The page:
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Construction Balance Sheet: A How-to Guide for Owners (CFMA template)

Updated: 5 days ago

Every successful business owner knows how important it is to keep an eye on their business's finances. One indispensable tool for this purpose is the balance sheet. However, if you own a construction company, you might find the term "construction balance sheet" a little intimidating. Let's demystify it!


What is a balance sheet?

What is a Construction Balance Sheet?

Imagine a balance sheet as a financial selfie your business takes at a specific moment. It shows you three things: what your business owns (that's the assets), what it has to pay (those are the liabilities), and the equity of the owners. In the fast-paced world of construction, where costs for projects, materials, and people can swing up and down fast, getting the hang of your balance sheet is a big deal.


Along with the income statement and the cash flow statement, it is one of the most important ways to see how well your business is doing. But remember, while the other two track stuff over time, your balance sheet gives you the full picture for a specific date. Pretty important, huh?



The Importance of a Construction Balance Sheet

Construction is a volatile industry. A balance sheet helps you see your company's financial standing. It also tracks changes in your finances. This information is critical for making business decisions. Plus, a strong balance sheet can attract investors and secure financing.


Preparing Your Balance Sheet: The Basics

Preparing your balance sheet may seem complex, but we will break it down into three main components:

  • Assets: These are valuable resources that your business owns. They include cash, accounts receivable, equipment, and inventory.

  • Liabilities: These are amounts your company owes to others. They encompass accounts payable, salaries, taxes, and loans.

  • Equity: This is the owners' stake in the business. It's what's left after subtracting liabilities from assets.


One key balance sheet example to remember is the fundamental accounting equation:

Assets = Liabilities + Equity

This equation must always hold true. If it doesn't, that's a red flag that your numbers are wrong.


Understanding the Classified Balance Sheet

A classified balance sheet provides more detail. It breaks down assets and liabilities into two groups: current and long-term.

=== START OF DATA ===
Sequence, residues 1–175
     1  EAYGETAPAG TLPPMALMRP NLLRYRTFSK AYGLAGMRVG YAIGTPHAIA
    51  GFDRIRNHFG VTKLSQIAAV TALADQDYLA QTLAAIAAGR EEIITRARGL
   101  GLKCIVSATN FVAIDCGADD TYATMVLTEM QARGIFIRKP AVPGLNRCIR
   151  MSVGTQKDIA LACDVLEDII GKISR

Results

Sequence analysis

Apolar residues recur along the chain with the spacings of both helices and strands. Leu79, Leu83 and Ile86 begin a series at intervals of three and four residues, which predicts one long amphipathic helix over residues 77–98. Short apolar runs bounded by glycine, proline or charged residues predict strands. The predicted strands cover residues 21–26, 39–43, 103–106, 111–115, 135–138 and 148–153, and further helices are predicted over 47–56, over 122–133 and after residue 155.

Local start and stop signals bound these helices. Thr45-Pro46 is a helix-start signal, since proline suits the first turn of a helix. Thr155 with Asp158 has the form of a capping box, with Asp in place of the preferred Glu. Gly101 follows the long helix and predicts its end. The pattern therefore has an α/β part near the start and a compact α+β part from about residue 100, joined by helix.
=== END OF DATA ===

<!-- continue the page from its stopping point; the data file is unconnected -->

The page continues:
• Current Assets and Liabilities: Items that will be used or paid within 90 days, like cash or bills to be paid.

  • Long-term Assets and Liabilities: Things that will be used or paid after 90 days, like equipment or business loans.

And if you're wondering, "Which account does not appear on the balance sheet?" The answer is income and expenses, which appear on the income statement, another crucial financial document.


Download Your CFMA Balance Sheet Template

Balance sheets can be hard to make, especially for people who haven't done it before. The Construction Financial Management Association (CFMA) offers a helpful template for construction businesses. It's a great starting point for your balance sheet.


Download the CFMA balance sheet template today, on pages 2 and 3.

CFMA CONSTRUCTION COMPANY, INC
. FINANCIAL STATEMENTS AND SUPPLEMENTARY INFORMATION YEARS E
Download FINANCIAL STATEMENTS AND SUPPLEMENTARY INFORMATION YEARS E • 1.35MB


How to Read a Balance Sheet to Make Smart Business Decisions

So, you've prepared a balance sheet using the CFMA template. Now what? It's time to decode the story your balance sheet tells about your business. Here's a list of engaging questions to help you interpret the numbers:


1. How's the Debt Situation?

Check the debt-to-equity ratio. If it's high, it might mean your construction business is heavily reliant on borrowed money. Is it time to pay down some loans?


2. Are Clients Paying on Time?

Review your accounts receivable. Are your clients settling their bills promptly? If not, perhaps it's time to revisit your payment terms or chase late payments.



3. Is Money Coming In?

Look at your cash assets. Are they growing or shrinking? A steady cash flow is essential to cover the high upfront costs of materials and labor in the construction industry.


4. Are You Holding Too Much Inventory?

Check your inventory turnover. Do you have excess construction materials that are slow to move? It might be time to reevaluate your inventory management.


5. Are Profits Being Put to Work?

Look at retained earnings. Are you reinvesting profits back into the business to fund new projects or equipment? Or are the profits dwindling over time?



Remember, your construction balance sheet is more than numbers on a page. It is a treasure trove of information about your business's financial health. Using it effectively can help you identify trends, spot potential issues, and make proactive decisions to guide your business toward success.


If interpreting a balance sheet feels like decoding a foreign language, CCA is here to help. Our construction bookkeeping services can translate the numbers into actionable insights, allowing you to focus on growing your business.


In Conclusion

Running a successful construction business involves more than just great projects. It's about understanding your financial position at all times. This is where balance sheets come in handy. Construction Cost Accounting (CCA) can be useful if all of this feels like too much.


We offer expert construction bookkeeping services. Our professionals can prepare your balance sheet for you, so you can focus on your business. Visit our blog for more insights, and contact us anytime. Remember, your financial health is our top priority!



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